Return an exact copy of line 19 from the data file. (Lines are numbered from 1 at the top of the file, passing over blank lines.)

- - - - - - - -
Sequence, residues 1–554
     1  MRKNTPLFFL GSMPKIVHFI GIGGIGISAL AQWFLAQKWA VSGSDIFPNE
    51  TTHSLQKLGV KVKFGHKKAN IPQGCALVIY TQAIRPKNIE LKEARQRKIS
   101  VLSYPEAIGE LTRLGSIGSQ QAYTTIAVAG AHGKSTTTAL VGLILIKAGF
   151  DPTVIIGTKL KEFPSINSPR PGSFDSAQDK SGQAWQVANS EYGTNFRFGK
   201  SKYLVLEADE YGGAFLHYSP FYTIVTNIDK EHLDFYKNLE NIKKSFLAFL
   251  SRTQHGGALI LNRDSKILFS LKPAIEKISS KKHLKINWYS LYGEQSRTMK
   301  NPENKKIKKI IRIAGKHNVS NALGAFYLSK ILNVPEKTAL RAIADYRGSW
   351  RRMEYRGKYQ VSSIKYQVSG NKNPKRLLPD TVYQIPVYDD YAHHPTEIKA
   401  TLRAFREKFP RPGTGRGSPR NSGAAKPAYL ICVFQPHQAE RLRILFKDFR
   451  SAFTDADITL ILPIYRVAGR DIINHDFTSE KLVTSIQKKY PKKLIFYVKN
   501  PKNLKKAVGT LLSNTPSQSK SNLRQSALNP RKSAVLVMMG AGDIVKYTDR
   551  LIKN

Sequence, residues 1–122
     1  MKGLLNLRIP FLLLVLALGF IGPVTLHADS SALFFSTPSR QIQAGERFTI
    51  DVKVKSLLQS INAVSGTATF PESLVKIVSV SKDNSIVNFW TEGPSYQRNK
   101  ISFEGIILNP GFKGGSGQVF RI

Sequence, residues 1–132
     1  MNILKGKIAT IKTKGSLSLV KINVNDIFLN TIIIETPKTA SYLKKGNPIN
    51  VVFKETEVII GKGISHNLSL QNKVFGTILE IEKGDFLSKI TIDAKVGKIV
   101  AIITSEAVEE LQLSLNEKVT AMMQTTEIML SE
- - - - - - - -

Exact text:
     1  MNILKGKIAT IKTKGSLSLV KINVNDIFLN TIIIETPKTA SYLKKGNPIN